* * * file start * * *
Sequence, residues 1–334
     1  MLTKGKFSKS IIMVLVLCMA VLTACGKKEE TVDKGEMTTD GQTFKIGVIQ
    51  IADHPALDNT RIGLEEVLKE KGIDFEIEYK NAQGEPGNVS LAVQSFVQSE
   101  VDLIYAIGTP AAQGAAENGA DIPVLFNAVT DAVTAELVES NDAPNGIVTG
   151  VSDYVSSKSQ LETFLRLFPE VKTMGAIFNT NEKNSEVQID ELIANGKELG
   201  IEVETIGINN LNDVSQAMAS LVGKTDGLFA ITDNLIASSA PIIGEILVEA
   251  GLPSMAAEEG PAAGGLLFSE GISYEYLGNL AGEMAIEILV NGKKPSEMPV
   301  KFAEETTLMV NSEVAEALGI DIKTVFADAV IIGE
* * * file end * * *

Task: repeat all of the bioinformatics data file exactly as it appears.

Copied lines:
Sequence, residues 1–334
     1  MLTKGKFSKS IIMVLVLCMA VLTACGKKEE TVDKGEMTTD GQTFKIGVIQ
    51  IADHPALDNT RIGLEEVLKE KGIDFEIEYK NAQGEPGNVS LAVQSFVQSE
   101  VDLIYAIGTP AAQGAAENGA DIPVLFNAVT DAVTAELVES NDAPNGIVTG
   151  VSDYVSSKSQ LETFLRLFPE VKTMGAIFNT NEKNSEVQID ELIANGKELG
   201  IEVETIGINN LNDVSQAMAS LVGKTDGLFA ITDNLIASSA PIIGEILVEA
   251  GLPSMAAEEG PAAGGLLFSE GISYEYLGNL AGEMAIEILV NGKKPSEMPV
   301  KFAEETTLMV NSEVAEALGI DIKTVFADAV IIGE